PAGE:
Business scholar and consultant Clayton Christensen coined the phrase “disruptive innovation” in the 1990s to describe a breakthrough that reshapes a market and displaces its leading firms. Twenty years later, “disruption” might be the defining theory of the modern economy.
Print newspapers, brick-and-mortar retail and taxis have been some of its chief victims. On a smaller scale, the Bay Area is littered with startups trying to become the “Uber for X” by disrupting doing the laundry and shopping for groceries.
The American university education remains fairly un-disrupted, but it is also a sitting duck for technological change. The idea of gathering thousands of 18-22-year-olds on a central campus, full of expensive buildings and services, and teaching them largely through in-person lectures seems quaint and almost silly from the point of view of a Silicon Valley disruptor.
Last month, the MIT Enterprise Forum of the Central Coast devoted its monthly meeting in Santa Barbara to a discussion of disruption in higher education. Leaders in both the non-profit and for-profit educational fields brought different perspectives but agreed on one thing: Centuries of stagnation in higher education are coming to an end.
“I’ve been in higher ed for 40 years,” said the event’s moderator, Guy Smith, an instructor and chairman of the bachelor’s of arts program at Antioch University in Santa Barbara. “I’d like to be able to stand up here and tell you it’s really changed, but it hasn’t. It’s pretty much the same as it always was.”
The primary model of instruction remains the lecture, Smith said, which dates to medieval universities.
“Books were hand printed, so they got the guy with the book to come in and read and people would try to write down as much as possible,” he said. “Luckily, we’re no longer doing that. Oh, I’m sorry — we are.”
There is little consensus about where universities are going. Smith predicts a “shakedown in enrollment” at small private colleges, which tend to charge the most. But the shakedown is happening elsewhere, and Smith pointed out that enrollment at the private, for-profit University of Phoenix is about half of what it was in 2010.
At every college and university, teaching methods will evolve, said Britt Andreatta, a former UC Santa Barbara professor who is now director of learning and development for Lynda.com, now owned by LinkedIn.
“It turns out that most of our educational techniques don’t actually work with how the brain learns,” said Andreatta, who has studied and written about the neuroscience of learning.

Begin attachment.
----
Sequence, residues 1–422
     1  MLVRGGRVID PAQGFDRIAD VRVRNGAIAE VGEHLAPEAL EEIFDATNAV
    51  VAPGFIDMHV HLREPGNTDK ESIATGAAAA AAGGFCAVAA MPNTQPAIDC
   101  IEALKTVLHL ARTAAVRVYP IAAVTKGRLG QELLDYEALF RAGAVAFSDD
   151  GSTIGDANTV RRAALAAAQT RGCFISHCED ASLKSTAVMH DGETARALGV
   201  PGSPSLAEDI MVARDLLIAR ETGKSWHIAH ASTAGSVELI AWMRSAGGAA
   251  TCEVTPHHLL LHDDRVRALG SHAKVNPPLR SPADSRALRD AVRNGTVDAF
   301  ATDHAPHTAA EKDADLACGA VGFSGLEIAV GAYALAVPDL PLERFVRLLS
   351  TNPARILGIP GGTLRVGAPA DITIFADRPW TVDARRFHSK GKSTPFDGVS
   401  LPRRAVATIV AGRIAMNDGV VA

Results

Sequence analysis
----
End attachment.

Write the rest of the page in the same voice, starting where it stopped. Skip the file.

One technique based on the new brain research, she said, is the “flipped classroom.” Instead of using class time to listen to lectures and outside time to practice and apply the concepts, the flipped classroom lets students hear lectures online, on their own time, and use class time to do group projects or discuss the material with the instructor.
Though they will have to adapt in some ways, prestigious research institutions like UCSB appear well positioned for the disrupted future. They offer something students can’t get from their parents’ basements: A complete experience where learning goes beyond what happens in the classroom and where students can personally interact with brilliant academic minds.
It’s the middle-of-the-pack universities, public and private, that must find ways to justify their existence in the face of online competition and other alternatives. In this way, education is being disrupted in much the same way retail was — high-end boutiques and discount stores are relatively all right, while the department stores that once made up the middle of the market are either out of business or scrambling to survive.
At the low end of the price spectrum are community colleges. Disruption in the education business is an opportunity for them, because they offer a stripped-down experience, without dorms or other frills, that can focus on the skills students need to get good jobs.
“I think we can all agree that community colleges are an exceptional deal and they are an open-access institution,” said Steve Wright, statewide workforce and economic development director for California’s community colleges.
One of his tasks is to design “pathways” to good jobs through the community college system. Those are open to young people just out of high school, but they’re also important for middle-aged workers who lose their jobs and must learn new skills.
Wright predicts “a period of chaos and confusion” for higher education, as it grapples with the forces reshaping so much of the economy. But it’s important to remember that while technological disruption isn’t great for, say, a taxi cab owner, it’s been great for someone who wants a cheap, easily accessible ride across town.
“Eventually, it’s going to be wonderful,” Wright said. “The students are really going to benefit.”
• Contact Tony Biasotti at [email protected]